The Storied Codex Trujillo, a Rare Masterpiece Showing Life Under Colonialism, Returns to Peru Following Outcry
The Spanish government has refused to let the volume be sold outright.
The Spanish Ministry of Culture had declared that the work is an important piece of Spanish heritage, preventing its export to Peru following its sale at auction to the Museo de Arte de Lima (MALI). The move provoked an uproar in the Latin American museum world. Now, as a solution, Spain will loan the work to Peru indefinitely without giving up ownership, reports Perú 21.
The 18th-century manuscript (ca. 1782–1785) was created by Baltasar Jaime Martínez Compañón, the bishop of Trujillo Peru, to serve as a record of life in his dioceses. It was illustrated by anonymous artists, and contains 1,411 watercolors depicting the plants and animals of the region, as well as Indian life, clothing, and customs.
According to the Spanish publication El Telégrafo, the Spanish Ministry of Education, Culture, and Sports had designated the document as not exportable on May 26, based on Spain’s Patrimony Act of 1985. Foreign buyers therefore had 16 days advance warning of the potential difficulty in purchasing the Codex, plus a warning at the auction itself.
The selection of images from the historic document was auctioned off on June 5 at Madrid auction house Alcalá Subastas, selling for a total of €45,000 ($50,000). The Peruvian museum’s was the only bid—but the Spanish government intervened, exercising its right of purchase following the sale, much to the disappointment of MALI.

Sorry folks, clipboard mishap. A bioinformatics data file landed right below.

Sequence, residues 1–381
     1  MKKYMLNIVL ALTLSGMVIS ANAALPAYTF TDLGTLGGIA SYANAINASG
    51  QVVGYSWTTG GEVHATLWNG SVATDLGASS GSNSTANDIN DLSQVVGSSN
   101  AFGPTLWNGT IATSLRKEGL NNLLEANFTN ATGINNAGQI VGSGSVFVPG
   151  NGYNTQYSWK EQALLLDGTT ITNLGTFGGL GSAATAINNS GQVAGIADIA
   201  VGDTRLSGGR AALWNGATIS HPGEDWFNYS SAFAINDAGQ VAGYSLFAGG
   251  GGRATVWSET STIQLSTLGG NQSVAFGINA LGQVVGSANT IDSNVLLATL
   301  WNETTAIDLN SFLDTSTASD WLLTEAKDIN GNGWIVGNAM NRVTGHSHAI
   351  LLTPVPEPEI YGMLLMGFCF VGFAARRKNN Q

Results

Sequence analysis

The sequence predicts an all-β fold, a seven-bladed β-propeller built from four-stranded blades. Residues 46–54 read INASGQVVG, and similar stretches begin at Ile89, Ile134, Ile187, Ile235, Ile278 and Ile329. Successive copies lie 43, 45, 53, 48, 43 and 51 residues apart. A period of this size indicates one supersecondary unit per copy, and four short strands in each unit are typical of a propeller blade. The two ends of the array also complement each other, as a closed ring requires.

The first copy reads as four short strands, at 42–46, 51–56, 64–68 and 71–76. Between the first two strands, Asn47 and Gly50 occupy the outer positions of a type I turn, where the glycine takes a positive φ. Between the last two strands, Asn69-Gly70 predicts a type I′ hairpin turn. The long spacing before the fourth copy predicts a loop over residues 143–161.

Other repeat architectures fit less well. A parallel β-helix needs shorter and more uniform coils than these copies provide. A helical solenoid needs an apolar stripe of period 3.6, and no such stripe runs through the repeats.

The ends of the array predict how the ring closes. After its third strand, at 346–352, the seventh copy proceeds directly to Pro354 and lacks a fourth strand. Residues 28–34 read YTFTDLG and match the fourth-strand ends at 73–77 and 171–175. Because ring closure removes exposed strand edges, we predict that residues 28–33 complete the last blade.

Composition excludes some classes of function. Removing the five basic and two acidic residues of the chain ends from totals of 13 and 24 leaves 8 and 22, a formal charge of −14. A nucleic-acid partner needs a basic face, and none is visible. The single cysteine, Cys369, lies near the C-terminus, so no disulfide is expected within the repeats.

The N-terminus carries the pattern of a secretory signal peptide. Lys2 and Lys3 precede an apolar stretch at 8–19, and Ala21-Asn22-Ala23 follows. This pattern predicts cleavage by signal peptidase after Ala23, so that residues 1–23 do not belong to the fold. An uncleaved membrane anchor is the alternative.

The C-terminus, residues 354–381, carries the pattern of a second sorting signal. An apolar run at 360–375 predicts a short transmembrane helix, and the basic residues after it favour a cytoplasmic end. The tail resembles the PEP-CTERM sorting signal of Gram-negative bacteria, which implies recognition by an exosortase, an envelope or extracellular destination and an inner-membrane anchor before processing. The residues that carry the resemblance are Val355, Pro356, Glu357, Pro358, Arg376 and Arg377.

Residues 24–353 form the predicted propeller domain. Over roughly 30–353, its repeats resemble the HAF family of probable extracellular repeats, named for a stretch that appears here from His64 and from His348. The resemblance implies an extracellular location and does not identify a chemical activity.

The Spanish Ministry argued that the Codex serves as important record of 18th century scientific work done in America at the behest of the Spanish crown. Peru contended that the watercolors are also an important part of its own national heritage. Nine volumes of the Codex are already held by the Royal Library of Madrid.
“Due to the very nature of the colonial situation, there is a whole chapter of Latin American history that is not represented in local collections,” MALI director Natalia Majluf had argued, speaking to BBC World. “That is why it has been so hard to see Spain withhold this volume.”
Close to 70 Latin American museum professionals spoke out in Peru’s favor, signing a letter calling for Spain to review its export policy in this case, according to El País.
MALI had suffered a similar disappointment in the 2015 sale of a 1795 painting of the Virgin of Monte Farelo, which ultimately went to Spain’s Museo de América. This time, however, an arrangement was reached that satisfied both countries.
See more watercolors from the Codex below.
Follow Artnet News on Facebook:
Want to stay ahead of the art world? Subscribe to our newsletter to get the breaking news, eye-opening interviews, and incisive critical takes that drive the conversation forward.